Decide on your mood as it makes a huge difference to your choice of words - do you want the effect to be funny, serious, sad, antagonistic or thought-provoking?

Make your writing fit the mood; brisk and sharp - short words; romantic and flowing - softer, longer words in a longer sentence

Vary length of sentences; you risk boredom, confusion or running out of mental breath if your sentence reaches a paragraph

If your writing confuses you, then it will confuse any other reader

If you have any doubts or feel that it doesn’t sound quite right, change it until you’re satisfied; don’t be lazy! Don’t make do with the original!

Edited List

Now let's tidy that up, rewrite those rules to make them clearer, in a more logical order, more concise and therefore more palatable to read. I might even add extras.

Let's start by using bullet-points.

  • Who is your audience? Speak to that target.
  • Keep on subject!
  • Check for repetition; remove it!
  • Check spelling; correct errors!
  • Reflect mood: short words for brisk & sharp; softer words, longer sentences for romantic & flowing.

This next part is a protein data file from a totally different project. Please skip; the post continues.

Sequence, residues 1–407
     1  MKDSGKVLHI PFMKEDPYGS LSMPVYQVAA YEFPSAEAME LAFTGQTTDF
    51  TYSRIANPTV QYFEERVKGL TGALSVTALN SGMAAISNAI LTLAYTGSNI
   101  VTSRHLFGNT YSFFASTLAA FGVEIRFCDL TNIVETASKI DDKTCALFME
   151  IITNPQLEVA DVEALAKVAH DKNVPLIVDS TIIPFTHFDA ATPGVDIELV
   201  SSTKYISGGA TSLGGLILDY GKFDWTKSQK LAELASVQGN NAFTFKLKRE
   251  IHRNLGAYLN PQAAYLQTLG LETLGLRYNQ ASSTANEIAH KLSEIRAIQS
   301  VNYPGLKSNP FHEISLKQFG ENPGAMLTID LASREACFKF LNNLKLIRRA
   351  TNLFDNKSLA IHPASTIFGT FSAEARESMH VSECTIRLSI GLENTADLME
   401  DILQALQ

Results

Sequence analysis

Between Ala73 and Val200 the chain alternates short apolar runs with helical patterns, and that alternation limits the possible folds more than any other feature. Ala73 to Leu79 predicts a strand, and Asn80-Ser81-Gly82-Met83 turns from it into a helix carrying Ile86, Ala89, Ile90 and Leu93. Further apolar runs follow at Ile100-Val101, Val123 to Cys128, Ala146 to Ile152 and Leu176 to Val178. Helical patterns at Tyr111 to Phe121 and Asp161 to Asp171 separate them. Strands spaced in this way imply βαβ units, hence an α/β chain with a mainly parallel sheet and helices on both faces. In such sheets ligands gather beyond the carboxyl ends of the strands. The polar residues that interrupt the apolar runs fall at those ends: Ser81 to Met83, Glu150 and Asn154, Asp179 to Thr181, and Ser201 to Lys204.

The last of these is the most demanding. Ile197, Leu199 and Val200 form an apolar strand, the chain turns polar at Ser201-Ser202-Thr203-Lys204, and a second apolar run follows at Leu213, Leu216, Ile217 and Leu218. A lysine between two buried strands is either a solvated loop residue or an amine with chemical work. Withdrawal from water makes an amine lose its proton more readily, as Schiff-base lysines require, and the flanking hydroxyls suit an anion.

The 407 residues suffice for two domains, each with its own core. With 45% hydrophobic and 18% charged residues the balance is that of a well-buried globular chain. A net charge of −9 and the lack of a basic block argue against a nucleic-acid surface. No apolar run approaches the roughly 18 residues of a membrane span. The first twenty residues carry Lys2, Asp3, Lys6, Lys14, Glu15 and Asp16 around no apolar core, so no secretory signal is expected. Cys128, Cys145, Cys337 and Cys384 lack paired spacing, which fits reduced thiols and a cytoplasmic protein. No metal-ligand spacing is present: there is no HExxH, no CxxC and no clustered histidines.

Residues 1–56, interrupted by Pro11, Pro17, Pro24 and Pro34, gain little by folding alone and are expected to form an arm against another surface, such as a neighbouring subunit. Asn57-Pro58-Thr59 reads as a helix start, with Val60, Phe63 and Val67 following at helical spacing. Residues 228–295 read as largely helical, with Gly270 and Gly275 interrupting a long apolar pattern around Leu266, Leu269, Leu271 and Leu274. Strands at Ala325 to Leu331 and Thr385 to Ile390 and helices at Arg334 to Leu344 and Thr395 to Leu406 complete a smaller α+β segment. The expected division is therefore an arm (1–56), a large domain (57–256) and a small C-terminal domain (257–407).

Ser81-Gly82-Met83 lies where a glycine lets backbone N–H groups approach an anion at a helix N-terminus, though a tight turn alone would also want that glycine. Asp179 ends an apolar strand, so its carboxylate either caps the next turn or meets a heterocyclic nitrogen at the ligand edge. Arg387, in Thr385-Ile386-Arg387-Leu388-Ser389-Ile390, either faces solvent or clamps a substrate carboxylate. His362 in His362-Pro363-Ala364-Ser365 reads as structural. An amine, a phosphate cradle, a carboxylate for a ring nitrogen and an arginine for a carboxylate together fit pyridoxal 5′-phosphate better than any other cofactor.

• Avoid ‘nice’ or ‘very’! Use specific alternatives for ‘nice’. Delete ‘very’.
  • Delete redundant text. Convey your point once.
  • Delete ‘and’, ‘the’, ‘then’ unless vital, or rephrase to improve text.
  • Use different first word for each paragraph. Don't make para too long.
  • Pare your words; minimise, be aware of tautology (using two or more words which mean the same).
  • Vary length and delivery of sentences to ease reading & avoid boredom or confusion.
  • Make sure each word is relevant to subject and audience.
  • Edit any ‘woolly’ writing; if your writing confuses you, it will confuse any reader. If it doesn’t sound right, do something about it!


Having decided on a helpful list, let’s write some sentences in various styles. We’ll start with a situation and explore the basics, then change that to suit alternative interpretations.

Example 1: Poor Pussycat!

‘The cat mewed because the boy was holding her too tightly. She couldn’t get away and was having difficulty breathing. He didn’t want her to escape.’

Ok, that describes a scene. How could you make it more interesting? How could you convey a mood? What’s the attitude of the boy?

‘The cat in Tommy’s hands mewed in distress. She couldn’t move, found it hard to breathe. Tommy only wanted to play; he had no idea she was unhappy.’

That gives you the idea that Tommy is probably young and doesn’t want to cause any harm; he’s innocent but it’s not great for the cat.

If I change the final sentence: